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I still don't quite get the idea of subspaces, span, and range

  1. Feb 25, 2009 #1
    Alright. As stated in the title above.

    So, a subspace is a set of vectors that satisfies:
    1) It contained the zero vector;
    2) It's closed under addition and subtraction.

    By "closed", it means that when I add another vector in R2 or multiply by a scalar k on A(x)=m, it will end up with A(x)+A(y)=m or k(A(x))=m.

    Is it correct so far?

    Now, I know span is like mapping, but I don't have a precise definition nor explanation for it...Is it like mapping a spanning set to a set of column spaces?

    Range is all possible result of a linear transformation of a matrix, ie. L(x)=b, where b is a spanned vectors..is it?

    I need some clear definitions and examples to sort this out...Thanks! :D
  2. jcsd
  3. Feb 25, 2009 #2

    Ben Niehoff

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    It's easiest to imagine what a subspace is in three dimensions, and then generalize to higher dimensions. In 3-dimensional Euclidean space, a subspace is any 3-, 2-, 1-, or 0-dimensional "slice" of space that passes through the origin. That is, all planes or lines that pass through the origin are subspaces, as is the origin itself. One example of a subspace is the x-y plane; another example is the line going through the point (2, 1, 5). Planes and lines of all other orientations are also included, provided that they pass through the origin.

    The span of a given set of vectors is precisely the subspace defined by those vectors. For example, the vectors (1,0,0) and (0,1,0) span the x-y plane. The vectors (1,1,0) and (1,-1,0) also span the x-y plane. The vector (2,1,5) spans the 1-dimension subspace given in the last paragraph.

    Basically, the span of a set of vectors a_m is the subspace of all vectors which can be written as linear combinations of a_m. The vectors a_m then constitute a basis for this subspace.
  4. Feb 25, 2009 #3
    The word definitions are clear, but I find it hard to actually put them to use in problems.

    For example, if a question asks to find the matrix of a linear mapping L:R2 -> R2 that has a nullspace of span({(2, 1)}) and range span({(2, 1)}), what's the method of determine this matrix? I understand that I am supposed to put the givens into use, but the straightforward of only givens of spans kind of stuck me of how to manipulate them to give me what I want. For example, how is this range denoted in normal column space notation (or something that's easier to understand)?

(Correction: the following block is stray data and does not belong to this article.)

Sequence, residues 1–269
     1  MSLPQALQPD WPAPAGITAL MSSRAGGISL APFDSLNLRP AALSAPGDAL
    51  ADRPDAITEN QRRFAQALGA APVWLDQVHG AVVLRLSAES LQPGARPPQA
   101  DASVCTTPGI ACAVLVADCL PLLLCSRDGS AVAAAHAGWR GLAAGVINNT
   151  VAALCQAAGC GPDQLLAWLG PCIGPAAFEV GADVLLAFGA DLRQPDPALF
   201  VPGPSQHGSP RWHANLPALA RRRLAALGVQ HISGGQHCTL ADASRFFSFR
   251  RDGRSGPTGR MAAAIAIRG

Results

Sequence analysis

5. Feb 26, 2009 #4
    For any vectors [tex]v_1,...,v_m[/tex] in [tex]\mathbb{R}^n[/tex], the span of these vectors is the range of the linear map [tex]\mathbb{R}^m\to\mathbb{R}^n[/tex] given by the matrix with these vectors as columns.

    A linear map is not uniquely determined by its image and range, so you will need to make some arbitrary choices. For example, we could choose the first column to be (2,1), i.e. (1,0) is mapped to (2,1) by the corresponding linear map. (Any other vector not in the span of (2,1) would also work.)
    Since we do not want the image to be larger than the span of (2,1), the other basis vector, (0,1) must be mapped to a vector of the form (2a,a). For (2,1) to be in the kernel of the resulting map, is equivalent to
    2*2 + 2a*1=0
    1*2 + a*1=0
    So one must take a=-2, hence a solution is the matrix with columns (2,1), (-4,-2).
  6. Mar 8, 2009 #5

    So for example, if I was asked to fine the matrix of a linear mapping L:R2 -> R3 whose nullspace is Sp({(1,1)}) and range is Sp({(1,2,3)}), then the matrix turns out to be:

    [1 -1]
    [2 -2]
    [3 -3]

  7. Mar 8, 2009 #6
  8. Mar 8, 2009 #7
    Hmm...I just found this weird problem:

    Let n and m be distinct non-zero vectors in R3, and let b be an arbitrary vector in R2. Is W={b[tex]\in[/tex]R2|(n [dot] x, m [dot] x)=b for some x in R3} a subspace of R2? R3?

    First of all, it concerns both R2 and R2, and I am not sure what's the approach for something like this.. :S
  9. Mar 8, 2009 #8
    Do the vectors of W have 2 or 3 components? This should tell you where W might be a subspace.
    Then you will need to check the axioms of a subspace: closure under addition and scalar multiplication, are they satisified?
  10. Mar 8, 2009 #9


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    No. It must also contain the product of a real number (or whatever the base field is) and a vector. For example the set of all integers is closed under addition and subtraction but is not a subspace of R1. Also, since v- v= 0, you don't need "contains 0" but you do need "contains at least one vector".

    I wouldn't think of the span as being anything like a "mapping"! The span of a set of vectors is the set of all possible linear combinations of the vectors.

    I don't know what you mean by "b is a spanned vector"- you have no spanning set. I wouldn't say "linear transformation of a matrix". A matrix is a way of representing a linear transformation, given a specific basis. Certainly, the range of a linear transformation is a the set of all possible "results": {b| Ax= b for some x}. It is, in fact, exactly the same as the general "range" of a function.

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